Correlation between Spectrophotometric Absorbance of Soil Solution and Contents of Variable Carbon and Nitrogen in Larch Plantation Forests
SU Dong-Xue;WANG Wen-Jie*;QIU Ling;WANG Hong-Yan;AN Jing;ZHENG Guang-Yu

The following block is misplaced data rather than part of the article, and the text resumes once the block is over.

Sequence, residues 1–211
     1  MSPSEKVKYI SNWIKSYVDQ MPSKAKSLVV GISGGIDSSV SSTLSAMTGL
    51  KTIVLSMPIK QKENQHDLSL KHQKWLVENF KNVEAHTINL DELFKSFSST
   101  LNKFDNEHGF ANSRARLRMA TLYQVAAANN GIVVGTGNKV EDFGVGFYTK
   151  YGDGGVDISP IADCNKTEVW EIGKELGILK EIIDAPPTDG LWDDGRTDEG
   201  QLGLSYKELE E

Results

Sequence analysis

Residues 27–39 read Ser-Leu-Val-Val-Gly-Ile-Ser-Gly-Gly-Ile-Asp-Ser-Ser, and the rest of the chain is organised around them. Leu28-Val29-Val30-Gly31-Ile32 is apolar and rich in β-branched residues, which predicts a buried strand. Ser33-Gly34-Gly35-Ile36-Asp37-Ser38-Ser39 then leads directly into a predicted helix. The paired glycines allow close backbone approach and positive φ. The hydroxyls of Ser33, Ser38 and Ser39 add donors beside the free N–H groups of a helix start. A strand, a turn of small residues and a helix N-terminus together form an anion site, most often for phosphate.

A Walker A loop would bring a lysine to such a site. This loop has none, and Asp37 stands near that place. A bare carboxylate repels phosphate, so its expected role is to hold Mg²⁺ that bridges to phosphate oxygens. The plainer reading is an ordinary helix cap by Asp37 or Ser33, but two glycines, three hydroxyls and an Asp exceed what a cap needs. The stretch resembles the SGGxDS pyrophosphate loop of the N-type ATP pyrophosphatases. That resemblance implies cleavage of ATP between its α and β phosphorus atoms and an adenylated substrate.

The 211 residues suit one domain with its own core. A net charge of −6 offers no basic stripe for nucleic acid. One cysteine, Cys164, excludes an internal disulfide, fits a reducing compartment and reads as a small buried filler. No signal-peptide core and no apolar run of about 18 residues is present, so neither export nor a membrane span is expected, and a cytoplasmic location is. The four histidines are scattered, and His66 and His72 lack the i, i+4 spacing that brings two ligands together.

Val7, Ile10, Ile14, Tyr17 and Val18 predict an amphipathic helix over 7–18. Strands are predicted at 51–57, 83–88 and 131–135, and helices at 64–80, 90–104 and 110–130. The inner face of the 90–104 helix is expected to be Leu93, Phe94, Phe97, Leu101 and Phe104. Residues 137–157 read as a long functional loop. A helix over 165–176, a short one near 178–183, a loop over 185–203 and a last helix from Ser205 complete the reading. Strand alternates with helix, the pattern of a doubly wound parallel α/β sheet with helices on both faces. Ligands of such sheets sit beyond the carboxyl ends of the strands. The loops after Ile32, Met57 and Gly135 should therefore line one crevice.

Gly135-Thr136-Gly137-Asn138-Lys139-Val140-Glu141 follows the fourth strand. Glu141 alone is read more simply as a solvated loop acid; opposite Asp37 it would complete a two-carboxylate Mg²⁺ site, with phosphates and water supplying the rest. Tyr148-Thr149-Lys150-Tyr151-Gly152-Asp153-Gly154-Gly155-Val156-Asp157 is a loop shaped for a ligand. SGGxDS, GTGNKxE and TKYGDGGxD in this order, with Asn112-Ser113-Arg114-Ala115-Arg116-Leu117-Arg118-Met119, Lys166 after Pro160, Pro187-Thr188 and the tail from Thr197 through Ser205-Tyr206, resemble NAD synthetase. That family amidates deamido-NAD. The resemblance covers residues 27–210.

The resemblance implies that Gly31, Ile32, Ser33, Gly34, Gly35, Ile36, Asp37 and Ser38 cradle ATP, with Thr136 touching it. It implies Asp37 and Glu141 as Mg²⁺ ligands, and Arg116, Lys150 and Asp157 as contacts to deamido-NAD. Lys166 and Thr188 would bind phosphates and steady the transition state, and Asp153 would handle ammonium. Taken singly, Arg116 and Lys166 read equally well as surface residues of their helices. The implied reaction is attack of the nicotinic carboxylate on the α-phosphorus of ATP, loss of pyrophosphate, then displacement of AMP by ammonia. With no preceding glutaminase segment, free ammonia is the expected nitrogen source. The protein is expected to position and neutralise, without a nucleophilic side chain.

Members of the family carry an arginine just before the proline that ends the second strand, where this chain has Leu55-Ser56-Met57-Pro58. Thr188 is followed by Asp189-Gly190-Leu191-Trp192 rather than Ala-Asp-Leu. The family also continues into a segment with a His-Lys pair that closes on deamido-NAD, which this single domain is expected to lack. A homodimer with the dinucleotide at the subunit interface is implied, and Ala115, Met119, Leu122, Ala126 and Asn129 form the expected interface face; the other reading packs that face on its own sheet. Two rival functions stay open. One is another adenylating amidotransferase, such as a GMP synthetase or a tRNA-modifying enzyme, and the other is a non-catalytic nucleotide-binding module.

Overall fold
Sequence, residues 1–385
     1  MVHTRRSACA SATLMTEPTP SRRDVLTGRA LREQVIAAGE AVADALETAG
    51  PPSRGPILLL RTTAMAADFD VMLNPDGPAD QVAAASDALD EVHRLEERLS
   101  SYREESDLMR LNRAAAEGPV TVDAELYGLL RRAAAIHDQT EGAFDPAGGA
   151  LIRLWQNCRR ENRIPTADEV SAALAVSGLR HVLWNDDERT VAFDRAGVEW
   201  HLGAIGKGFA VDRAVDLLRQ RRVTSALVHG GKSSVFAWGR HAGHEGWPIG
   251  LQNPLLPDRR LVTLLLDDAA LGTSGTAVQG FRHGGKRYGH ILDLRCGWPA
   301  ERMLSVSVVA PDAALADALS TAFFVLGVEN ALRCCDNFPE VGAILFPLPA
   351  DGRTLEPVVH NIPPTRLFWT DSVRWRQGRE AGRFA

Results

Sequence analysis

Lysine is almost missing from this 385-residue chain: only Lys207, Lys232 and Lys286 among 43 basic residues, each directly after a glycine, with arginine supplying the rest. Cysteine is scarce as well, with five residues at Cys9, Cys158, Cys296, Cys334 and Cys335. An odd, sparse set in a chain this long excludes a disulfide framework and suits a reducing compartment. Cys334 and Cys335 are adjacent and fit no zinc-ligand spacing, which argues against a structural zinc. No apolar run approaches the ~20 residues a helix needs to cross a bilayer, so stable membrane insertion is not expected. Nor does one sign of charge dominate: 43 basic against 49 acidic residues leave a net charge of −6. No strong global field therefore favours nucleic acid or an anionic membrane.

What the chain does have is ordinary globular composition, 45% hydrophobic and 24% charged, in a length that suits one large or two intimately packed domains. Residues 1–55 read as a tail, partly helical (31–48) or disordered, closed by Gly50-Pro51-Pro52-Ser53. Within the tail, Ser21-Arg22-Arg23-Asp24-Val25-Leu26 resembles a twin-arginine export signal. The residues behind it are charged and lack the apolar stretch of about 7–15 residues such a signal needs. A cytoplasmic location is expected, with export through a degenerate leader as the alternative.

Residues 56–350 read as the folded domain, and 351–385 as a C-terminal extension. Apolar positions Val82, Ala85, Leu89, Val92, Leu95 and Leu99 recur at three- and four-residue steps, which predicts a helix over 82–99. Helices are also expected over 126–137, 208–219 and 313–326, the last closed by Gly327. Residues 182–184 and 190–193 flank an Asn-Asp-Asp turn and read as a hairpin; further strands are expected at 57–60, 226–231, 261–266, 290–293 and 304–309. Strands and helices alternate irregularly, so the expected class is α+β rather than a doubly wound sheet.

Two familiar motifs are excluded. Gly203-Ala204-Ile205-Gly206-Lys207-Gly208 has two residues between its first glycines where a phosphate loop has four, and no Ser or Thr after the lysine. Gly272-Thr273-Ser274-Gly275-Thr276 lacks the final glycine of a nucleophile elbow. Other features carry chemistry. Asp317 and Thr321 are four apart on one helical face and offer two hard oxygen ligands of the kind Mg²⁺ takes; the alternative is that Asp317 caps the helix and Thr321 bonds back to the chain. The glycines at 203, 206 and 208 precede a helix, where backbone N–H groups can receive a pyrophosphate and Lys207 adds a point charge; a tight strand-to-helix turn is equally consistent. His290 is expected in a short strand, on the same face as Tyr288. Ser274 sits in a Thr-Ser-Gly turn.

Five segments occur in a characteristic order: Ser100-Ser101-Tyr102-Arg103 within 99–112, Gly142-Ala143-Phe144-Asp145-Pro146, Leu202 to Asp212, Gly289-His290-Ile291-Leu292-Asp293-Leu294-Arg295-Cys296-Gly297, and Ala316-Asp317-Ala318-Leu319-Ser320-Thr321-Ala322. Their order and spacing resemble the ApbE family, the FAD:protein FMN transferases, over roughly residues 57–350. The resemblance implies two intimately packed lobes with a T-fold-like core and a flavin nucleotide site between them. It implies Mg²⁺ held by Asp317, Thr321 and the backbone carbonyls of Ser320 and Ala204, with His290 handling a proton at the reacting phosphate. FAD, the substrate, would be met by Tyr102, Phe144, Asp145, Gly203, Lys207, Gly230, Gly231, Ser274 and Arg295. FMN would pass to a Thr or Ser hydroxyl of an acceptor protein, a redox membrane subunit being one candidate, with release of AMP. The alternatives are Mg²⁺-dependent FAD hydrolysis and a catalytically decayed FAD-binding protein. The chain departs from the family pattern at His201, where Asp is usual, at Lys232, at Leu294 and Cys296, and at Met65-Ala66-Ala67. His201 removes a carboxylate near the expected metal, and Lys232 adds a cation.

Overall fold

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Based on 100 samples from 4 soil depths, the spectrophotometric absorbances of soil solutions at 14 wavelengths (250, 254, 260, 265, 272, 280, 285, 300, 340, 350, 365, 400, 436 and 465 nm) and soil carbons (dissolved organic carbon DOC and soil organic carbon SOC）and nitrogens (dissolved soil nitrogen DON and soil organic nitrogen SON) were concurrently measured. We are aiming to answer the question that absorbance at which wavelength is most correlated with the soil carbon and nitrogen, and whether or not differences exist in these relations between top- and sub-soils. The following conclusions were obtained. Firstly, although absorbance values of surface and deep soil solutions significantly decreased with wavelength, the decrease in top soil was much steeper than that in sub-soils. The lower region of the studied wavelengths was more powerful to distinguish the difference between surface and deep soils, accordingly. Comparing with deep layers, more robust correlations between soil solution absorbance and SOC, DON and SON were found in surface soil layer (0-20 cm). However, the difference in the DOC and absorbance relations between surface and deep soils was much weaker. Secondly, the absorbance values of 8 wavelengths (250-300 nm) were significantly auto-correlated, indicating that each of them could function the same in characterizing soil solution. Using 254 nm as a representative of them, the regression analysis between absorbance (254, 340, 365, 400, 436 and 465 nm) and soil carbon, nitrogen have been carried out by using the entire pooled data. The best regressions (R2=0.53-0.59) for SOC, DON, SON were found in 254 nm, and sharp decreases in R2 value with wavelength increases were found. No such large change was found in DOC, and R2 from 0.25 to 0.33 were found in wavelengths of 254, 340, 365 and 400 nm. Our findings indicate that the spectrophotometric absorbance of soil solution (particularly from 250 nm to 300 nm) can be used as indicators for monitoring soil carbon and nitrogen changes, and attention should be paid to the soil sampling depths and variation in different soil carbon and nitrogen parameters.